I Can Fix That
Author: Dave Stuart Keywords:
Death, resurrection, science, loss, acceptance
Film title: Frankenweenie
Director: Tim Burton
Screenplay: John August
Starring: Charlie Tahan Frank Welker, Winona Ryder, Catherine O'Hara, Martin Landau
Distributor: Walt Disney Studios Motion Pictures (USA/UK)
Cinema Release Date: 5 October 2012 (USA); 17 October 2012 (UK)
Certificate: PG (USA); PG (UK) Contains mild threat, scary scenes and one use of mild language
Victor Frankenstein (Charlie Tahan) has two main loves in his life: science and his dog, Sparky. A loner at school, he spends his time making stop-motion movies (a self-referential joke that sets the tone for the film from the very first scene), and studying for the upcoming science fair, inspired by his imposing, but well-meaning science teacher, Mr Rzykruski (Martin Landau). Until, that is, one day when an attempt at joining the baseball team, at the behest of his concerned dad (Martin Short), results in tragedy for Victor’s beloved pet. Taking inspiration from a classroom demonstration of reanimating frogs’ legs with electricity, Victor races home, determined to get Sparky back. But little does he know the impact his ultimately successful experiment will have on the whole town.
Once Victor’s secret gets out, all the other kids in his class want to steal his methods for their own science projects. The situation is worsened when Mr Rzykruski is forced from his position following an accident involving a student during an experiment. The film culminates in a disastrous town fair, which descends into classic monster-movie carnage as giant turtles and flying cat/bat hybrids are unleashed on the population, leaving only Victor and Sparky to save the day.
A reimagining of one of Tim Burton’s earliest short films, Frankenweenie is a stop-motion, black-and-white homage to the history of classic horror movies. It is full of sly, and not-so-sly, nods to renowned characters and scenes from the genre’s past. It also manages to be a simple and affecting tale of love and loss, which is undermined slightly by its all-too-conventional ending. Frankenweenie deals with themes of science and knowledge in a manner which is light-hearted and genteel, yet which seems to advocate against extremism on both sides of the debate. It is also concerned with the very human desire we all harbour to put right things that are often out of our control.
After the accident involving the student, the school holds a meeting to discuss Mr Rzykruski’s future. During this, we are initially clearly meant to side against the angry townsfolk, the collective attitude of whom is summed up by the replacement science teacher, who warns the class that, ‘sometimes knowing too much is the problem.’ Ignorance is not a healthy position in any aspect of our lives, but there is also a cause for concern in the riposte from the other side, whereby intellectual power brings with it arrogance and condescension. Mr Rzykruski takes to the stage and, instead of defending himself, lashes out at the town and parents for their small-mindedness and ignorance, decrying their fear of scientific knowledge and insulting their intelligence. It’s a funnier scene than it sounds when described; Martin Landau’s exaggerated performance leaves Mr Rzykruski’s bluntness as unintended and his message misconstrued, but it hints at a deeper concern as well – and a very real conflict at times in our modern world.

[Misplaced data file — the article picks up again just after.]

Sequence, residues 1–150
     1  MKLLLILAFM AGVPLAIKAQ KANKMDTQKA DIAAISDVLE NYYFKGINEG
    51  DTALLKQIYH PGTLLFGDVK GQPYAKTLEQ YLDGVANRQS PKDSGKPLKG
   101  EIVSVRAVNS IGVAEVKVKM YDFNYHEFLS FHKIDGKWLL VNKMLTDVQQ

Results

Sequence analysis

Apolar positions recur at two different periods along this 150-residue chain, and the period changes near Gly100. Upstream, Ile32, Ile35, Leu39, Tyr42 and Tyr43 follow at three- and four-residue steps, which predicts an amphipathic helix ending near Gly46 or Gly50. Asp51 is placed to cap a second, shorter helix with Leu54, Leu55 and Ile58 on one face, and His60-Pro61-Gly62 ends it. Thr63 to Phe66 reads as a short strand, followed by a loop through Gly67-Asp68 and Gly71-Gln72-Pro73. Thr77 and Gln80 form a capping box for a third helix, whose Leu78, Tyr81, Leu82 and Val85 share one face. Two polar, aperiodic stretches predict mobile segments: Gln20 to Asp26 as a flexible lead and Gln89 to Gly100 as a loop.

Soon after the debate, Victor goes to say goodbye to Mr Rzykruski, who explains to him the importance of scientific knowledge, but also its limitations. ‘Science is not good or evil,’ he says. ‘It is merely the uses it is put to that make it so.’ And it is here that our human desires and emotions often cloud the issue. Christians believe that God reveals himself to us through his creation, and that our understanding of the world that surrounds us should not diminish the need for him, but instead increase our grasp of the scale and complexity of his design.
Victor doesn’t fully understand the experiments he performs, but goes ahead with them anyway; his desire to bring Sparky back is a selfish one, borne out of a need to fix things. In what becomes something of a catch-phrase in the film, Victor reassures Sparky as he loses his tail, or an ear, that ‘I can fix that,’ and this attitude gets right to the core of the film’s message. Victor misses Sparky and struggles to let him go: dealing with pain and loss is never easy, especially as a child, and the revelation that we are not fully in control of the events that happen to us is a scary one. But Victor never stops to think of the consequences of his actions; he brings Sparky back for the sole purpose of keeping things as they were, but even once he succeeds, it is clear that things can never be the same.
We like to think that we have control over our lives, that we can fix things when they go wrong, and can prevent the bad from happening. But the Bible tells a different story – a story of our broken nature, of a world that will never be truly fixed by our actions alone. But this is also a world into which God himself stepped in order to put things right, out of love for us and a desire for reconciliation: ‘For God was in Christ, reconciling the world to himself, no longer counting people’s sins against them.’* Our desire to know more about the world should be enhanced by the knowledge of the one who created us, in whom we can put our trust when our earthly limitations fail us, for it is only through him that, one day, all things will be made right once and for all.
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Author: Dave Stuart
© Copyright: Dave Stuart 2012
Unless stated otherwise, Bible quotations are from the New Living Translation (NLT) copyright © 1996, 2004 by Tyndale Charitable Trust. Used by permission of Tyndale House Publishers.